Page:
The Supreme Court rejected a challenge to the “social cost of carbon,” one of the most important calculations in U.S. climate policy, on Tuesday. The controversial metric attempts to quantify the hidden price of emitting carbon dioxide, from flood damage to health effects. The court’s surprise decision sets the stage for the Biden administration to broaden the metric’s use across federal agencies when formulating climate-related regulations.

One of President Joe Biden’s very first executive orders in January 2021 directed agencies to recalculate the social cost of carbon — currently placed at $51 a ton while the government finalizes its revised estimate. In the meantime, Republican state attorneys general have been flinging lawsuits at the administration in an attempt to block its ability to use the metric in evaluating regulations.

But their plans were thwarted by Tuesday’s order from the conservative-dominated Supreme Court. Without any explanation, the justices declined to hear Missouri v. Biden, a case in which 12 states alleged that Biden’s executive order violated the constitutional separation of powers. A federal appeals court ruled last year that the states suing over the use of the estimate didn’t have legal standing because they couldn’t show they’d been harmed by the way agencies had applied the metric.

It’s the second time the Supreme Court has declined to take up a challenge to the social cost of carbon. Last year, the justices blocked a similar request led by Louisiana.

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The social cost of carbon is likely to have cascading effects on agriculture, power plants, oil and gas leases, and more. That’s because federal agencies have to weigh the costs and benefits of any regulation they adopt. If the government accounts for the true costs of emitting greenhouse gases — lost lives, dying crops, homes swallowed by rising seas — then decisions that result in more carbon emissions start to look a lot more expensive, while those that reduce emissions look like a smart deal.

The Obama administration, the first to require agencies to use this metric in assessing rules, placed the social cost of carbon at $43 a ton — a move that helped justify things like stronger emissions standards for vehicles. The Trump administration calculated the number differently and, in typical fashion, slashed the number down to a couple bucks per ton. Last year, the Environmental Protection Agency proposed $190 a ton, nearly four times higher than the estimate the Biden administration currently uses. (The EPA’s number is in line with estimates from independent experts.)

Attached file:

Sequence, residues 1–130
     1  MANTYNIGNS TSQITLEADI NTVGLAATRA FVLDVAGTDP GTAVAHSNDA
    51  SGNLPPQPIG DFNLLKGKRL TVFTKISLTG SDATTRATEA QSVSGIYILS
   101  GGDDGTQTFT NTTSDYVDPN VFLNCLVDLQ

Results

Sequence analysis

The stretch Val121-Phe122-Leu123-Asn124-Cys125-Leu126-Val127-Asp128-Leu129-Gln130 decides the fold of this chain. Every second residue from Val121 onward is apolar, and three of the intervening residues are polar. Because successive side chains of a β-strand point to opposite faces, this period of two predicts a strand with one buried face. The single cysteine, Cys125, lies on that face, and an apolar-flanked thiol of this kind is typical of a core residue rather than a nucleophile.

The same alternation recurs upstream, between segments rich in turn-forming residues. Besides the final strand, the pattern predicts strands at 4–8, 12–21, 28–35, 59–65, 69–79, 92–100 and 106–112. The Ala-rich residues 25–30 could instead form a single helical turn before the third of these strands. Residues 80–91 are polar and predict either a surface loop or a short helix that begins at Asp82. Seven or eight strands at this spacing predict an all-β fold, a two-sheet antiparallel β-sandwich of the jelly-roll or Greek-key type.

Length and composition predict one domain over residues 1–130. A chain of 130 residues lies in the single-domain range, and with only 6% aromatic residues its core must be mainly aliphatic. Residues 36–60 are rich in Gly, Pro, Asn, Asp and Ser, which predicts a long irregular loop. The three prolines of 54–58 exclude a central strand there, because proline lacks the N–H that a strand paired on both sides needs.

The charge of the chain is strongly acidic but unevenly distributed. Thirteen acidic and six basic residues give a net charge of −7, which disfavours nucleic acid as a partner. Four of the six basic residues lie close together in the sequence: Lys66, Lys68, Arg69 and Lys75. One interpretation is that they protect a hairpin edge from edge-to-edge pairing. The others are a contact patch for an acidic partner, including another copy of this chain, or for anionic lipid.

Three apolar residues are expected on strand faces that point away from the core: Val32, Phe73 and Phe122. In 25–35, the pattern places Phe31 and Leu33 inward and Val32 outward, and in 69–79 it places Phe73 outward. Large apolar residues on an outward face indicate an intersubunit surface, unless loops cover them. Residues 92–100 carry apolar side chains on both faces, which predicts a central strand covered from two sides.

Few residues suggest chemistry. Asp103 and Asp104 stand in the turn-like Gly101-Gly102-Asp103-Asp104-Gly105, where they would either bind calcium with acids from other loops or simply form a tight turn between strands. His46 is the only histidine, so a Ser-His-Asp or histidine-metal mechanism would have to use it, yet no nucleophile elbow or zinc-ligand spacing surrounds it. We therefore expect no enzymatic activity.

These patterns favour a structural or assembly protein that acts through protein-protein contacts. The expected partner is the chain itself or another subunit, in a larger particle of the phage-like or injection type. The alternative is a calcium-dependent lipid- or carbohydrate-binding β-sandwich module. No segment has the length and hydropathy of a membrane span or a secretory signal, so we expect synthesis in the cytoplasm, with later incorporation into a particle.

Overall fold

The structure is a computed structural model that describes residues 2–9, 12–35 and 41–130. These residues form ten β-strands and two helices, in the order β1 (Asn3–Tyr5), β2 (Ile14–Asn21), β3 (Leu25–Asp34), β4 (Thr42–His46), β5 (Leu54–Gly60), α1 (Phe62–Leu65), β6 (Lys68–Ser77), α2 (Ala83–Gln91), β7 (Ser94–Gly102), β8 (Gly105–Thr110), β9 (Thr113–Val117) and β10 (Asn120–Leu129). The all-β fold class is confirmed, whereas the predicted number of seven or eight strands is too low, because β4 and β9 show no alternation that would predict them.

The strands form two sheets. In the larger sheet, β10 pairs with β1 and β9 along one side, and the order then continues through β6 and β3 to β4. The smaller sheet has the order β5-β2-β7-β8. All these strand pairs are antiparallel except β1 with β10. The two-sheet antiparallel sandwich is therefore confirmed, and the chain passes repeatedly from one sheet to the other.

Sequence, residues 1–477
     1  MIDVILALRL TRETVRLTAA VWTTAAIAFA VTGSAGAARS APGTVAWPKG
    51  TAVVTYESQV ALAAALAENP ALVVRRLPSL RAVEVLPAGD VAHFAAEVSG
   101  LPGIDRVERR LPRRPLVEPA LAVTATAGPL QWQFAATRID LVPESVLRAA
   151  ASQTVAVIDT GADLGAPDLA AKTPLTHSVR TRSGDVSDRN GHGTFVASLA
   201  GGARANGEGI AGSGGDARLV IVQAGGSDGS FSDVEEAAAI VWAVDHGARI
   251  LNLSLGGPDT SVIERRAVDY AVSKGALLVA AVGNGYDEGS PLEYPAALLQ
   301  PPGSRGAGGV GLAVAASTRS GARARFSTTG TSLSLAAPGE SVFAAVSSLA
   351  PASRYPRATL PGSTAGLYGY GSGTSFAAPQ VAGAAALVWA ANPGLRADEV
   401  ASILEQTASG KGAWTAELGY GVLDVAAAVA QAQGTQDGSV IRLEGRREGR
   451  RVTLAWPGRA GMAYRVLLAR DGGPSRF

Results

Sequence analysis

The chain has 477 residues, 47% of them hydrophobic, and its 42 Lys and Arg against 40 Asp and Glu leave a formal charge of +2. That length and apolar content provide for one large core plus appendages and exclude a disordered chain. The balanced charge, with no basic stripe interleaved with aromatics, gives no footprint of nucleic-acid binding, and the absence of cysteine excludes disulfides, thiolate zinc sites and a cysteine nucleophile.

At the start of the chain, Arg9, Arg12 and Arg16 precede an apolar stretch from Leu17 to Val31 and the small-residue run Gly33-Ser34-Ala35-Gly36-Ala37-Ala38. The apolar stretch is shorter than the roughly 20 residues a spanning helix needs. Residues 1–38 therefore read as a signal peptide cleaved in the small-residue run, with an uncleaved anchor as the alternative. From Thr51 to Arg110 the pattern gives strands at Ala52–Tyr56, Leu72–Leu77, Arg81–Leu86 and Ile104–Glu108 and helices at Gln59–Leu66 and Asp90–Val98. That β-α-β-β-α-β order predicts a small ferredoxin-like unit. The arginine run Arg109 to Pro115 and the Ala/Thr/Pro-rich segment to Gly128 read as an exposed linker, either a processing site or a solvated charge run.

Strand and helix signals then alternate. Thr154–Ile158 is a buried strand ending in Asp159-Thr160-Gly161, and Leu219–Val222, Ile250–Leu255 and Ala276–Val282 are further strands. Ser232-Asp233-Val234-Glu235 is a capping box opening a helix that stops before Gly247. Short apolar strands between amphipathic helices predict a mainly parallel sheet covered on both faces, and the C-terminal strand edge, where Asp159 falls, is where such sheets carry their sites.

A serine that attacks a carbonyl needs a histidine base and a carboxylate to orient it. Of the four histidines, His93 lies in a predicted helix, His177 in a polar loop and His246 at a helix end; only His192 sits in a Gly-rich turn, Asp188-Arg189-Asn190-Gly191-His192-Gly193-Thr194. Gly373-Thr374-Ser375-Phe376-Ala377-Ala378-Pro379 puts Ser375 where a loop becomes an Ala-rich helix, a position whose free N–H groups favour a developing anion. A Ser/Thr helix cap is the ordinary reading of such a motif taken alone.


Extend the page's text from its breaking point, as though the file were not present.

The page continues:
Because the social cost of carbon is so influential in developing climate policy, some Republicans consider it a paragon of the “radical climate agenda.” In response to the Supreme Court’s rejection of Missouri’s challenge, Andrew Bailey, the state’s attorney general, vowed to “continue to combat government overreach at every turn.” 

Analysts say the fight isn’t over yet. In a note to clients, the research firm ClearView Energy Partners said the ruling doesn’t preclude states — or anyone else — from suing over specific agency actions and rules that rely on the social cost of carbon, E&E News reported.

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In recent months, the White House announced that it was considering applying the social cost of carbon more broadly across agencies, in everything from annual budgets and permitting decisions to fines for violating environmental regulations. It represents a sea change in how the government approaches climate policy: For decades, policies to reduce emissions had been cast as an economic burden, a narrative propelled by oil industry-backed studies that made legislation look prohibitively expensive. Now, the frame has switched: Carbon emissions are viewed as the economic harm, and climate policy is the balm.

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